The Delaware Supreme Court has ruled that a local judge was wrong to deter right-wing extremist lawyer L. Lin Wood Jr. from working on a lawsuit filed in Sussex County Court.
A year ago, Wood’s temporary authority to practice law in Delaware was revoked by a judge in the Sussex County Superior Court, citing dishonesty and incompetence in legal efforts that involved Wood elsewhere with the intent of overturning the presidential election on behalf of the former president. Donald Trump.
Prior to Wood’s involvement in the legal challenges of the November election, he represented Carter Page, a political operative involved in the investigation into Russian interference in the 2016 presidential election. Page sued Oath Inc., the parent company of Yahoo! News, for slander in Sussex County Superior Court.
Wood is not a member of the Delaware Bar, but was given permission by the court to represent Page, a general privilege granted to outside attorneys in the Delaware courts. The Page lawsuit was eventually dismissed, but before that, Woods had the privilege of conducting lawsuits in Delaware revoked by Sussex County Superior Court Judge Craig A. Karsnitz.
At the time, Karsnitz ruled that Wood had engaged in conduct in other states that would run counter to Delaware attorneys’ rules of professional conduct if that conduct had taken place in Delaware. Karsnitz cited election cases related to Wood in Georgia and Wisconsin.
“Mr. Wood’s conduct, though not in my jurisdiction, exhibited a poisonous stew of lies, insults, and surprising incompetence,” Karsnitz wrote, revoking Woods’ authority to practice in Delaware.
This order cited a long list of shortcomings, errors, and falsities in lawsuits that Wood was associated with in Georgia and Wisconsin that sought to overturn election results in those states. These lawsuits were quickly settled in these states. Some have been appealed.
Karsnitz said he did not make a decision on any specific violation of professional conduct, but is committed to ensuring that those who practice before him are of “adequate character” and “behave with sufficient courtesy and truthfulness.”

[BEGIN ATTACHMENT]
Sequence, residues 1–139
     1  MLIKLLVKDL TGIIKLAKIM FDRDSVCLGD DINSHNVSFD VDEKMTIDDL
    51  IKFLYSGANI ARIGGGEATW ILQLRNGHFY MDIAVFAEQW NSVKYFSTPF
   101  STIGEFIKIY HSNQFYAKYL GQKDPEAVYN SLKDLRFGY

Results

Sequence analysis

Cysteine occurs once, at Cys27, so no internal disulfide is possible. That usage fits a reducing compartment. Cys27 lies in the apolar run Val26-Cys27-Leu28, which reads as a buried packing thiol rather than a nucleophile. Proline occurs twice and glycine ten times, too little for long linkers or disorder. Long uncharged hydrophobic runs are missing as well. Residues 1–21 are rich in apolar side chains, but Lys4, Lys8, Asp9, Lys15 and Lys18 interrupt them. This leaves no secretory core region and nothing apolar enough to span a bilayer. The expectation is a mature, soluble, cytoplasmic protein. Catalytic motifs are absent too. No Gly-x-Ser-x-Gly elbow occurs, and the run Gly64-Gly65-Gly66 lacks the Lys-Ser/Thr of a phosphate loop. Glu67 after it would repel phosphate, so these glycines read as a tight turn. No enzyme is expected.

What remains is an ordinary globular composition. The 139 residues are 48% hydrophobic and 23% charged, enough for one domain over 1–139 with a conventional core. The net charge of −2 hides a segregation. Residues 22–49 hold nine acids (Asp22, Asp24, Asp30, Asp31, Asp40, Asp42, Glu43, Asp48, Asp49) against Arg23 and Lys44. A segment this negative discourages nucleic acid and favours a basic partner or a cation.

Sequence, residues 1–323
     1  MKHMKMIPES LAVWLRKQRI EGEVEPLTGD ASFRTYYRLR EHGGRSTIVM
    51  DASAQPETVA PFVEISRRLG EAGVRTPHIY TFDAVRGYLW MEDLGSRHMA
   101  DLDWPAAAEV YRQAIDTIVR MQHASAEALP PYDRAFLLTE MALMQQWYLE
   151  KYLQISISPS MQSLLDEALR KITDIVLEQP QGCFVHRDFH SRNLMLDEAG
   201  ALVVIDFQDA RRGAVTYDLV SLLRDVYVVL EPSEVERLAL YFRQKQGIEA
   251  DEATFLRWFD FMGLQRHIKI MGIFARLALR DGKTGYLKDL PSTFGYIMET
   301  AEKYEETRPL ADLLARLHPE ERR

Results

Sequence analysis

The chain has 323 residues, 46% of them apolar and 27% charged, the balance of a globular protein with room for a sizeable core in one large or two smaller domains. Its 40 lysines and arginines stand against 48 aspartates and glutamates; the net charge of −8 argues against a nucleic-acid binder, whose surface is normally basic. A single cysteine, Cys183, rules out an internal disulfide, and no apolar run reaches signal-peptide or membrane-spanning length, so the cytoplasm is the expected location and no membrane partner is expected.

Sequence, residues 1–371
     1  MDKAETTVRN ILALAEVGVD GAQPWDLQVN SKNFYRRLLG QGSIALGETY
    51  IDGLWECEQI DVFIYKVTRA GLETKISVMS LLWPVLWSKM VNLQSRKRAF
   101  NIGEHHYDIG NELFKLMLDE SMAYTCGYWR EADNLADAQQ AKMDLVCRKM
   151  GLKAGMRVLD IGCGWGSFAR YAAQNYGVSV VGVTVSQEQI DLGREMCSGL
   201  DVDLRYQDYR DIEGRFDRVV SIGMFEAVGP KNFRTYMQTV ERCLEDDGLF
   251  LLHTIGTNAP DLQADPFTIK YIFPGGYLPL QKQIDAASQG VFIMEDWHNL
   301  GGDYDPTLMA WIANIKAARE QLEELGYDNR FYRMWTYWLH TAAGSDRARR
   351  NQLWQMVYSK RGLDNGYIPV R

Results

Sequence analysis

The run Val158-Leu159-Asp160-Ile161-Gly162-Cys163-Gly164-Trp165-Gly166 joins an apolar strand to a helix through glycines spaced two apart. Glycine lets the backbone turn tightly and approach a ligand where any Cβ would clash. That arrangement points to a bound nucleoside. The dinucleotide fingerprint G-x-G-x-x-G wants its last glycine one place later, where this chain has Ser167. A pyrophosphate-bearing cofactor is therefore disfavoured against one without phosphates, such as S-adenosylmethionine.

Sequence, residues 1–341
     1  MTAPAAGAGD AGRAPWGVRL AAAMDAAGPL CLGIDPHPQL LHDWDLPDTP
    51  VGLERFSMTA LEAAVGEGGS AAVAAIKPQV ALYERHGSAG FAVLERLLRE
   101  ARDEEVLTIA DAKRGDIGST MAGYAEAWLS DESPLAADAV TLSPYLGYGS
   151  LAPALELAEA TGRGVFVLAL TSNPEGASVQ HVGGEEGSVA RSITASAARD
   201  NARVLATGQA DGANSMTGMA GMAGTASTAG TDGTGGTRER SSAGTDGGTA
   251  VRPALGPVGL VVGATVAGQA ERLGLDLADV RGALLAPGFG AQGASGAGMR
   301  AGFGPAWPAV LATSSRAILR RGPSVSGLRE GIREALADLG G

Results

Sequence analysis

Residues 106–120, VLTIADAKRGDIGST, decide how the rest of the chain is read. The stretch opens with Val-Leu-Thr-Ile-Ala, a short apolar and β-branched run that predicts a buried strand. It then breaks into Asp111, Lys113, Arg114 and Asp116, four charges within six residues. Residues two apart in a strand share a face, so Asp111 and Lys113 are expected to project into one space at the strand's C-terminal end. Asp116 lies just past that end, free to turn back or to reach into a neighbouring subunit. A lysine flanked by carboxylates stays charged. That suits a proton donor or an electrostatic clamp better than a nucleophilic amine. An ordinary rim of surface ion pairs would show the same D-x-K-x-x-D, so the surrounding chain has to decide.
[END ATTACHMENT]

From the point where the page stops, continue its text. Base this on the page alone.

Karsnitz also quoted tweets from Wood, including one in which Wood called for the arrest and execution of former Vice President Mike Pence. Karsnitz said tweets likely contributed to the instigation of the Jan. 6 uprising of Trump supporters who took over the U.S. capital.
Wood and Ron Poloquin, a local attorney representing Wood in his appeal of the order, argued that he was not an attorney who had signed the Wisconsin law and was the plaintiff, not an attorney, in the Georgia case. Wood refused to try to mislead anyone through the trial, saying he had not been sanctioned in any way by the authorities for the police attorney behaving in those states.
Wood also sought to revoke the court’s permission to work on the Page case in Delaware before Karsnitz entered the order.
In its ruling, the Delaware Supreme Court noted that state or federal courts in Georgia never ruled that Woods’ complaint there was frivolous or in bad faith. The Supreme Court said Wood was not allowed to respond to allegations his influence on the January 6 uprising was a sign of “an unfair process.”
The court noted that Karsnitz sought to cast irregularities on Wood’s character, which were not supported by evidence in the minutes leading up to Karsnitz’s decision.
The Supreme Court wrote that it is appropriate for lower courts to ask attorneys to show why their temporary authority to conduct trials in Delaware should not be revoked when that attorney is accused of serious misconduct elsewhere.
But in situations like Wood’s, where allegations of misconduct in another state have not been convicted, where the alleged misdemeanor has not adversely affected the Delaware proceedings, and where the attorney agrees to remove himself, it is an abuse of discretion to the right to revoke a lawyer’s recognition, the Supreme Court ruled.
Contact Xerxes Wilson at (302) 324-2787 or firstname.lastname@example.org. Follow @Ber_Xerxes on Twitter.
This article originally appeared in the Delaware News Journal: The order to start pro-Trump lawyer Lin Wood from the Delaware court was reversed